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Evaluation of the performance of five diagnostic tests for Fasciola hepatica infection in naturally infected cattle using a Bayesian no gold standard approach

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    Rights statement: © 2016 Mazeri et al. This is an open access article distributed under the terms of the Creative Commons Attribution License, which permits unrestricted use, distribution, and reproduction in any medium, provided the original author and source are credited.

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Original languageEnglish
Article numbere0161621
JournalPLoS ONE
Issue number8
Early online date26 Aug 2016
Publication statusE-pub ahead of print - 26 Aug 2016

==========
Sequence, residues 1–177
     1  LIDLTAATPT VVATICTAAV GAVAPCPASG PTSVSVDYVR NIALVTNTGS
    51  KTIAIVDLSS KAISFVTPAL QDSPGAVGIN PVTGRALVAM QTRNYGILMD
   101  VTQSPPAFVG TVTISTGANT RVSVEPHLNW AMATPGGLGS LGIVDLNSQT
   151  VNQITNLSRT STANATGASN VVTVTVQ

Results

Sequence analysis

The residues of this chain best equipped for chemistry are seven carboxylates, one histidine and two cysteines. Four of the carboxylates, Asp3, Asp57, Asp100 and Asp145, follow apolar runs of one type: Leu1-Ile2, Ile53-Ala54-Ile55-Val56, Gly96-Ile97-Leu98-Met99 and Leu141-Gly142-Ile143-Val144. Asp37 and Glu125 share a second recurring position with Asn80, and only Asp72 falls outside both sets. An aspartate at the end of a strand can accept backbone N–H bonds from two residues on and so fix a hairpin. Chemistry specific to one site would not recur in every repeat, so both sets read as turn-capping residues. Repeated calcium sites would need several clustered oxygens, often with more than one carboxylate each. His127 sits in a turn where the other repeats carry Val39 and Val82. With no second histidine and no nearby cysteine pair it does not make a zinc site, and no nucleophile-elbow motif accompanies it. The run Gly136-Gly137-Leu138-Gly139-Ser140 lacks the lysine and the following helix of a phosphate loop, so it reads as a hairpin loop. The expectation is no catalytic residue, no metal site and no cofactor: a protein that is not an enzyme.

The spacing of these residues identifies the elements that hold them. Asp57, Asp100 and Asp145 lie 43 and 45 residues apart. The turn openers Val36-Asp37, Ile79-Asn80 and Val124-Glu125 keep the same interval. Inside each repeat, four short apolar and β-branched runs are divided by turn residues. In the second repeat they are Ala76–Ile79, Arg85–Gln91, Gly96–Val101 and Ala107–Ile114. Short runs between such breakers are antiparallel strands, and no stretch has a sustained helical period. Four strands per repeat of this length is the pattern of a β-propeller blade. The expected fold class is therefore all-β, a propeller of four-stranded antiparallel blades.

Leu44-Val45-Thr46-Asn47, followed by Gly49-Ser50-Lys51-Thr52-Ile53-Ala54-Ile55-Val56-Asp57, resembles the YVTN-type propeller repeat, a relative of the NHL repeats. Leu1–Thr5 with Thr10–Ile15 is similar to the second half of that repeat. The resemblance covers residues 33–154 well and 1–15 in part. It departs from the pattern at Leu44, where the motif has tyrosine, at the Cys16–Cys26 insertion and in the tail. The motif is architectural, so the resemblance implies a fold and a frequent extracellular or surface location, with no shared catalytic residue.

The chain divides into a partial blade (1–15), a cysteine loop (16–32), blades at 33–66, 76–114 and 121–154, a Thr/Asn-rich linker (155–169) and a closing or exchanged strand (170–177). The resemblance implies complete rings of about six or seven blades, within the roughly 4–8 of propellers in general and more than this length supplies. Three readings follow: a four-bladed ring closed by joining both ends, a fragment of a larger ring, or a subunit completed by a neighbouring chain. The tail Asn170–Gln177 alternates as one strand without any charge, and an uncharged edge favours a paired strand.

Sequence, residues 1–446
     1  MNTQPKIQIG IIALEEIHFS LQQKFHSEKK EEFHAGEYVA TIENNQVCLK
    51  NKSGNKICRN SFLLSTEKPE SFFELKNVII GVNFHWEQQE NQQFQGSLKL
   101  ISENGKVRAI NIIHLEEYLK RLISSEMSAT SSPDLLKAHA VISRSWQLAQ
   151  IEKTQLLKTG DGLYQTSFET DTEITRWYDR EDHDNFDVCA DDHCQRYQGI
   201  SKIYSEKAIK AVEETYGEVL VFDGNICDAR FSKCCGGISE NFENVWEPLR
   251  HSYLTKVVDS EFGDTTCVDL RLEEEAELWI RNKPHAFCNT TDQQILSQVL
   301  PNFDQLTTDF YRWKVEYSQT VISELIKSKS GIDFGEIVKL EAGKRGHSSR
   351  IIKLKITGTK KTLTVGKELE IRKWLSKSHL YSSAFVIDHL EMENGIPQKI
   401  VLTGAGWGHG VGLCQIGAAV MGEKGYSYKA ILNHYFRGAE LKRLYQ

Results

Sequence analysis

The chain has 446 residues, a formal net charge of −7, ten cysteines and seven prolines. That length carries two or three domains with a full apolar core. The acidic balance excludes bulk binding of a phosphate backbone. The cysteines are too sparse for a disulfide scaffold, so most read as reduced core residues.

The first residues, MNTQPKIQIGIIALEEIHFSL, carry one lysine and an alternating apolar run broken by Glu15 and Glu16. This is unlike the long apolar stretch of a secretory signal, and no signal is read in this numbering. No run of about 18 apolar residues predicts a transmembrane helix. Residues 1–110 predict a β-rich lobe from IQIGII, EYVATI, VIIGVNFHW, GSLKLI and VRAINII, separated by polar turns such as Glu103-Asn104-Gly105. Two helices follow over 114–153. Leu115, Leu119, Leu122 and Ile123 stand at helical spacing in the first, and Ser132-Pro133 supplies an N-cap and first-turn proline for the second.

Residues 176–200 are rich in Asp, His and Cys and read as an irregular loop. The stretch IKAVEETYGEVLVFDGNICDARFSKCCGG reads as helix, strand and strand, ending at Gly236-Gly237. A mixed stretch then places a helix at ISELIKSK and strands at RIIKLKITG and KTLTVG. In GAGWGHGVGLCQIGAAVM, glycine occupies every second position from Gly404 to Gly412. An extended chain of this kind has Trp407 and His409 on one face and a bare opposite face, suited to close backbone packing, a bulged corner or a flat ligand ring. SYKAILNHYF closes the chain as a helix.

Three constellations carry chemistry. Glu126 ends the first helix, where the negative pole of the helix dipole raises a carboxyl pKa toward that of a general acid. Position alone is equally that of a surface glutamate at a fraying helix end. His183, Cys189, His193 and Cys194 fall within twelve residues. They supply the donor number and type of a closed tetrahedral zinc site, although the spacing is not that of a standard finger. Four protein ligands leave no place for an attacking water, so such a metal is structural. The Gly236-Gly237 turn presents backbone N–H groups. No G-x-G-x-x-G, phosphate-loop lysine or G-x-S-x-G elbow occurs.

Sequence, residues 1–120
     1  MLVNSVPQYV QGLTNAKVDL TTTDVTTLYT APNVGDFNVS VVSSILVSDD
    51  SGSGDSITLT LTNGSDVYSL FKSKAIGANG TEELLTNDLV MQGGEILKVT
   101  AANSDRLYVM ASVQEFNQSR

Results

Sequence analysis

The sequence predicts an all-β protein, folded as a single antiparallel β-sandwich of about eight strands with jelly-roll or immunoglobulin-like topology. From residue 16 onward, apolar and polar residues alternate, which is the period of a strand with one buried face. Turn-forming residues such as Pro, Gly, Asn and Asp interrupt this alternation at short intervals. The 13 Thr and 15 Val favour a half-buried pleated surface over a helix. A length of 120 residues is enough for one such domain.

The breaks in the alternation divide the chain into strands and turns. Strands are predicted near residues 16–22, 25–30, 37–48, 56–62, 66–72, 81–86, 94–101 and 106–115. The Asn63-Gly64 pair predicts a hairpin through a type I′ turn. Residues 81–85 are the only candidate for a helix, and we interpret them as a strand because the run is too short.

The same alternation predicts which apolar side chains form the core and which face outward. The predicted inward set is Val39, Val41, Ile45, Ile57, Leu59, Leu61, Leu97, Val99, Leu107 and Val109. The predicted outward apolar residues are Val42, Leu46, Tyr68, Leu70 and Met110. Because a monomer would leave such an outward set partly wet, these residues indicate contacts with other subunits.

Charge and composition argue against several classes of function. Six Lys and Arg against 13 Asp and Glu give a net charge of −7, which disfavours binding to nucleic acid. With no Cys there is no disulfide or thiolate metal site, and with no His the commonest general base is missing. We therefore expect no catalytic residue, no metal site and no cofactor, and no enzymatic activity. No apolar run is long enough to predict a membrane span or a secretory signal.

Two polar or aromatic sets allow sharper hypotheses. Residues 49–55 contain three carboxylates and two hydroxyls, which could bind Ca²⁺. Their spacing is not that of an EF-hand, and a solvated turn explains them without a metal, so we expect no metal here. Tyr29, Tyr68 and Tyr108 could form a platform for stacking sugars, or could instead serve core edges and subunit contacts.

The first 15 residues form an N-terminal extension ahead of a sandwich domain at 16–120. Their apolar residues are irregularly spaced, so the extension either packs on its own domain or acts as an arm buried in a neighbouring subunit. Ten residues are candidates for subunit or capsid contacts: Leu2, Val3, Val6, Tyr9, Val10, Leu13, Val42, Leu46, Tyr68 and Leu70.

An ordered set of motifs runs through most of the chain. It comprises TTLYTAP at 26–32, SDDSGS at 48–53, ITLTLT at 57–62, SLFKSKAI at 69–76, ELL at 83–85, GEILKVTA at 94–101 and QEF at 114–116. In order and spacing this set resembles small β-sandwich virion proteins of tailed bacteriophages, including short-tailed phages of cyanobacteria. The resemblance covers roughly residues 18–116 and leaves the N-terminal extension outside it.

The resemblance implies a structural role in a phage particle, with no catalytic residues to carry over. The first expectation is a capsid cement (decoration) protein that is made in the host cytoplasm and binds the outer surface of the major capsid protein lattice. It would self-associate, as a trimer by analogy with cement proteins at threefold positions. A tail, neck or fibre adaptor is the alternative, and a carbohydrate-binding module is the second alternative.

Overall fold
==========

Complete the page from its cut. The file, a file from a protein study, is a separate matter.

The clinical and economic importance of fasciolosis has been recognised for centuries, yet diagnostic tests available for cattle are far from perfect. Test evaluation has mainly been carried out using gold standard approaches or under experimental settings, the limitations of which are well known. In this study, a Bayesian no gold standard approach was used to estimate the diagnostic sensitivity and specificity of five tests for fasciolosis in cattle. These included detailed liver necropsy including gall bladder egg count, faecal egg counting, a commercially available copro-antigen ELISA, an in-house serum excretory/secretory antibody ELISA and routine abattoir liver inspection. In total 619 cattle slaughtered at one of Scotland's biggest abattoirs were sampled, during three sampling periods spanning summer 2013, winter 2014 and autumn 2014. Test sensitivities and specificities were estimated using an extension of the Hui Walter no gold standard model, where estimates were allowed to vary between seasons if tests were a priori believed to perform differently for any reason. The results of this analysis provide novel information on the performance of these tests in a naturally infected cattle population and at different times of the year where different levels of acute or chronic infection are expected. Accurate estimates of sensitivity and specificity will allow for routine abattoir liver inspection to be used as a tool for monitoring the epidemiology of F. hepatica as well as evaluating herd health planning. Furthermore, the results provide evidence to suggest that the copro-antigen ELISA does not cross-react with Calicophoron daubneyi rumen fluke parasites, while the serum antibody ELISA does.

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